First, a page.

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Electrokinetics in Micro-channeled Cantilevers : Extending the Toolbox for Reversible Colloidal Probes and AFM-Based Nanofluidics

DOI zum Zitieren der Version auf EPub Bayreuth: https://doi.org/10.15495/EPub_UBT_00004708
URN to cite this document: urn:nbn:de:bvb:703-epub-4708-4

Title data

Mark, Andreas ; Helfricht, Nicolas ; Rauh, Astrid ; Xue, Jinqiao ; Knödler, Patrick ; Schumacher, Thorsten ; Karg, Matthias ; Du, Binyang ; Lippitz, Markus ; Papastavrou, Georg:
Electrokinetics in Micro-channeled Cantilevers : Extending the Toolbox for Reversible Colloidal Probes and AFM-Based Nanofluidics.
In: Scientific Reports. Vol. 9 (December 2019) . - No. 20294.
ISSN 2045-2322
DOI der Verlagsversion: https://doi.org/10.1038/s41598-019-56716-0

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Abstract

The combination of atomic force microscopy (AFM) with nanofluidics, also referred to as FluidFM, has facilitated new applications in scanning ion conductance microscopy, direct force measurements, lithography, or controlled nanoparticle deposition. An essential element of this new type of AFMs is its cantilever, which bears an internal micro-channel with a defined aperture at the end. Here, we present a new approach for in-situ characterization of the internal micro-channels, which is non-destructive and based on electrochemical methods. It allows for probing the internal environment of a micro-channeled cantilever and the corresponding aperture, respectively. Acquiring the streaming current in the micro-channel allows to determine not only the state of the aperture over a wide range of ionic strengths but also the surface chemistry of the cantilever’s internal channel. The high practical applicability of this method is demonstrated by detecting the aspiration of polymeric, inorganic and hydrogel particles with diameters ranging from several µm down to 300 nm. By verifying in-situ the state of the aperture, i.e. open versus closed, electrophysiological or nano-deposition experiments will be significantly facilitated. Moreover, our approach is of high significance for direct force measurements by the FluidFM-technique and sub-micron colloidal probes.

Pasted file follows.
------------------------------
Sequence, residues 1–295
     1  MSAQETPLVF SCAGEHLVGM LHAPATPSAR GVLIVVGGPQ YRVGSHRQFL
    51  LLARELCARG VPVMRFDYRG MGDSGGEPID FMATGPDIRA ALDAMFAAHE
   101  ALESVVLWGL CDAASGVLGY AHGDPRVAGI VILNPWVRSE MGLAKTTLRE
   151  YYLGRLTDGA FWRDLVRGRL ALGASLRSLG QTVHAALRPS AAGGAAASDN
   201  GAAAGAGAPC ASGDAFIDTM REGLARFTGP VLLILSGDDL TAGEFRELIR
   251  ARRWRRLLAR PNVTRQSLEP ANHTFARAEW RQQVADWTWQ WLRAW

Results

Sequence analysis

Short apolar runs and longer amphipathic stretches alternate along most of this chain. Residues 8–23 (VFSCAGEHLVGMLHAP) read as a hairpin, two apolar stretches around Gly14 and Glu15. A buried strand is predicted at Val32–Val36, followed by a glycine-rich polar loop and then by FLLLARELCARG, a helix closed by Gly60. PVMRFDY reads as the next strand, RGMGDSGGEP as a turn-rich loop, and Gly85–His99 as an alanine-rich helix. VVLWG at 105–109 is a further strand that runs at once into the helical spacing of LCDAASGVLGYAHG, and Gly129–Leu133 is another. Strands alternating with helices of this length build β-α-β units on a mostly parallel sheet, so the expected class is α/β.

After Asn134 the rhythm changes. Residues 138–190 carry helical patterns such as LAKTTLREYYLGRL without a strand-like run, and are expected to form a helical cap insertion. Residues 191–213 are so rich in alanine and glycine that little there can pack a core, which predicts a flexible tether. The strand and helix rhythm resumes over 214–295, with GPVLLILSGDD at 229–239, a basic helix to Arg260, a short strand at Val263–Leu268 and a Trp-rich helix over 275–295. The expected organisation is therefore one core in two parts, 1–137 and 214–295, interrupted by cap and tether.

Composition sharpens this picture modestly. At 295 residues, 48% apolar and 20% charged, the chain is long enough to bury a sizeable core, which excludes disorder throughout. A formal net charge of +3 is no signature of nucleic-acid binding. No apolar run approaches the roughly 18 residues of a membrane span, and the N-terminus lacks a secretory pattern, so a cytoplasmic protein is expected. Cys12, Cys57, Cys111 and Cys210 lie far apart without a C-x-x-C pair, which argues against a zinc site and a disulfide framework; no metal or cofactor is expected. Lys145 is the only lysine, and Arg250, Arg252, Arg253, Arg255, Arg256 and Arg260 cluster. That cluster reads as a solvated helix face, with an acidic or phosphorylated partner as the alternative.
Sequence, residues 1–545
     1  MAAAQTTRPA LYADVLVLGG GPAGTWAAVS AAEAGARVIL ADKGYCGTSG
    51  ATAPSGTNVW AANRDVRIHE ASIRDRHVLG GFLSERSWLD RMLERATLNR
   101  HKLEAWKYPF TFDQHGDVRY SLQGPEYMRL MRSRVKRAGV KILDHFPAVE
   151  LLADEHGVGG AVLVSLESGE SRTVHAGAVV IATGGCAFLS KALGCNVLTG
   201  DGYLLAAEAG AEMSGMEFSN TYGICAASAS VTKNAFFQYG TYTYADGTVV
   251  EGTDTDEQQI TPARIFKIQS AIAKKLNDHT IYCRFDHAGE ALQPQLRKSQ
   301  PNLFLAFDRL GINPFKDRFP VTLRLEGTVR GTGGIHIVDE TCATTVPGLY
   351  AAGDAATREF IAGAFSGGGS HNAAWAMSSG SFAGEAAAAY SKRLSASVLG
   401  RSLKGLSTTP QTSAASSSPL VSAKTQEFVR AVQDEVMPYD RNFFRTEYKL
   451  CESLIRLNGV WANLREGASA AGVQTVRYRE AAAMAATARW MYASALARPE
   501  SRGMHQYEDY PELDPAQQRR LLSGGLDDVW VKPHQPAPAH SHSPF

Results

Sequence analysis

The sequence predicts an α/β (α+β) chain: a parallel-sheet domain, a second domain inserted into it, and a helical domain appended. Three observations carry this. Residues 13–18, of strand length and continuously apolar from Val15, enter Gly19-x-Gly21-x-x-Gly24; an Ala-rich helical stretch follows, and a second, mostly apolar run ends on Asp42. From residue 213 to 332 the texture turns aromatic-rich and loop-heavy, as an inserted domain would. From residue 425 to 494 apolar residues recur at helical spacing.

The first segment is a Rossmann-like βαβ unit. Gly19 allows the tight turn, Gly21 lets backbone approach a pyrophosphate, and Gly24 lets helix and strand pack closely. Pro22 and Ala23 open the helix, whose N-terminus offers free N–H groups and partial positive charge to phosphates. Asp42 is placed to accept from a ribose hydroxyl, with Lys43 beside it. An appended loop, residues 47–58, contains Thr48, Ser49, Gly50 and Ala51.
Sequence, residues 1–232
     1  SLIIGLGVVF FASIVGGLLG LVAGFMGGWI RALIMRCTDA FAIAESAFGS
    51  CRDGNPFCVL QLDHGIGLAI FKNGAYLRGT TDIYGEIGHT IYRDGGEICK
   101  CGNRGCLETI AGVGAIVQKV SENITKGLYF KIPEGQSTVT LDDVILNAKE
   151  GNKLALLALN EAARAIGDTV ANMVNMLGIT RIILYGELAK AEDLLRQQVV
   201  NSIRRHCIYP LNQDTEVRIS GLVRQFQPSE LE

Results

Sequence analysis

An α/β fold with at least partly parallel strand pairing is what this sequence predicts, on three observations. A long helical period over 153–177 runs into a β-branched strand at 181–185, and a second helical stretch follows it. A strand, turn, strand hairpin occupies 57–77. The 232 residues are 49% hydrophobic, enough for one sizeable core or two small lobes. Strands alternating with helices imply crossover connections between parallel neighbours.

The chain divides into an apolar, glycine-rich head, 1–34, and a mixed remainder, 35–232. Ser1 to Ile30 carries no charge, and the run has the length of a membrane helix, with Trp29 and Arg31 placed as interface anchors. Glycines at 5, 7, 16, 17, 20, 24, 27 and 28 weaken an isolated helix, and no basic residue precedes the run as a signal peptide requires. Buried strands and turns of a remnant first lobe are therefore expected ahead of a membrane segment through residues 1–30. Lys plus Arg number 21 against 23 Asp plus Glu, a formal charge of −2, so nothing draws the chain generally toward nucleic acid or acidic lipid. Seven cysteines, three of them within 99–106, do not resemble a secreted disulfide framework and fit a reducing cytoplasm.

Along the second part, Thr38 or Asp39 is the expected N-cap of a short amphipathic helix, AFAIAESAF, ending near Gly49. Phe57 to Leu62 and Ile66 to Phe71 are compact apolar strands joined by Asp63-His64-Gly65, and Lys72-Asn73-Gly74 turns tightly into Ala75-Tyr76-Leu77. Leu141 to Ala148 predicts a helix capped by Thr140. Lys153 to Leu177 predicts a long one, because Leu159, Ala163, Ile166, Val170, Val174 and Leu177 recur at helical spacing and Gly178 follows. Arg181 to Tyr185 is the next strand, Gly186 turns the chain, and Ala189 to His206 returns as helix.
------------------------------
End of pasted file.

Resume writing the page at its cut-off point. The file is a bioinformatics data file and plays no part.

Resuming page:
Further data

Item Type: Article in a journal
DDC Subjects: 500 Science > 530 Physics
500 Science > 540 Chemistry
Institutions of the University: Faculties > Faculty of Mathematics, Physics und Computer Science > Department of Physics > Chair Experimental Physics III - Nanooptics > Chair Experimental Physics III - Nanooptics - Univ.-Prof. Dr. Markus Lippitz
Faculties > Faculty of Biology, Chemistry and Earth Sciences > Department of Chemistry > Chair Physical Chemistry II > Chair Physical Chemistry II - Univ.-Prof. Dr. Georg Papastavrou
Research Institutions > Affiliated Institutes > Bavarian Polymer Institute (BPI)
Faculties
Faculties > Faculty of Mathematics, Physics und Computer Science
Faculties > Faculty of Mathematics, Physics und Computer Science > Department of Physics
Faculties > Faculty of Mathematics, Physics und Computer Science > Department of Physics > Chair Experimental Physics III - Nanooptics
Faculties > Faculty of Biology, Chemistry and Earth Sciences
Faculties > Faculty of Biology, Chemistry and Earth Sciences > Department of Chemistry
Faculties > Faculty of Biology, Chemistry and Earth Sciences > Department of Chemistry > Chair Physical Chemistry II
Research Institutions
Research Institutions > Affiliated Institutes
Language: English
Originates at UBT: Yes
URN: urn:nbn:de:bvb:703-epub-4708-4
Date Deposited: 27 Mar 2020 09:52
Last Modified: 27 Mar 2020 09:52
URI: https://epub.uni-bayreuth.de/id/eprint/4708

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